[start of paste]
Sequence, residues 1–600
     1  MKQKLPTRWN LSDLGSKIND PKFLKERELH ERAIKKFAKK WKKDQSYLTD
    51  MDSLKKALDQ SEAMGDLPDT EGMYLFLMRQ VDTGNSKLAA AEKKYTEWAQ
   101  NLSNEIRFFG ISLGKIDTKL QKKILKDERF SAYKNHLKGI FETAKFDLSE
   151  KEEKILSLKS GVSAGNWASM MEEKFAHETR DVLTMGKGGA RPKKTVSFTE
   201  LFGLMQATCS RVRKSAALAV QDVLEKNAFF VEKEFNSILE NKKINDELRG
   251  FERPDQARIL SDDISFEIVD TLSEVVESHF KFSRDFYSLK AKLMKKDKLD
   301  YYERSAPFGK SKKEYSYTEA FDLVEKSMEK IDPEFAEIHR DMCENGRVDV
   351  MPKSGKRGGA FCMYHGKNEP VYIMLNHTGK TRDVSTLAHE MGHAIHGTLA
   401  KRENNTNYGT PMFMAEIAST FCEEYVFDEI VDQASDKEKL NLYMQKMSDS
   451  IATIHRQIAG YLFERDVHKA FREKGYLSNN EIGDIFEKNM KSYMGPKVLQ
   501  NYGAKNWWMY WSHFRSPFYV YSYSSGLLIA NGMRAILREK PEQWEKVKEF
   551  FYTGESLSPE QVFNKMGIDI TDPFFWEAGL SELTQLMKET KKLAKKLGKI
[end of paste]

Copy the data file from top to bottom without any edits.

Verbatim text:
Sequence, residues 1–600
     1  MKQKLPTRWN LSDLGSKIND PKFLKERELH ERAIKKFAKK WKKDQSYLTD
    51  MDSLKKALDQ SEAMGDLPDT EGMYLFLMRQ VDTGNSKLAA AEKKYTEWAQ
   101  NLSNEIRFFG ISLGKIDTKL QKKILKDERF SAYKNHLKGI FETAKFDLSE
   151  KEEKILSLKS GVSAGNWASM MEEKFAHETR DVLTMGKGGA RPKKTVSFTE
   201  LFGLMQATCS RVRKSAALAV QDVLEKNAFF VEKEFNSILE NKKINDELRG
   251  FERPDQARIL SDDISFEIVD TLSEVVESHF KFSRDFYSLK AKLMKKDKLD
   301  YYERSAPFGK SKKEYSYTEA FDLVEKSMEK IDPEFAEIHR DMCENGRVDV
   351  MPKSGKRGGA FCMYHGKNEP VYIMLNHTGK TRDVSTLAHE MGHAIHGTLA
   401  KRENNTNYGT PMFMAEIAST FCEEYVFDEI VDQASDKEKL NLYMQKMSDS
   451  IATIHRQIAG YLFERDVHKA FREKGYLSNN EIGDIFEKNM KSYMGPKVLQ
   501  NYGAKNWWMY WSHFRSPFYV YSYSSGLLIA NGMRAILREK PEQWEKVKEF
   551  FYTGESLSPE QVFNKMGIDI TDPFFWEAGL SELTQLMKET KKLAKKLGKI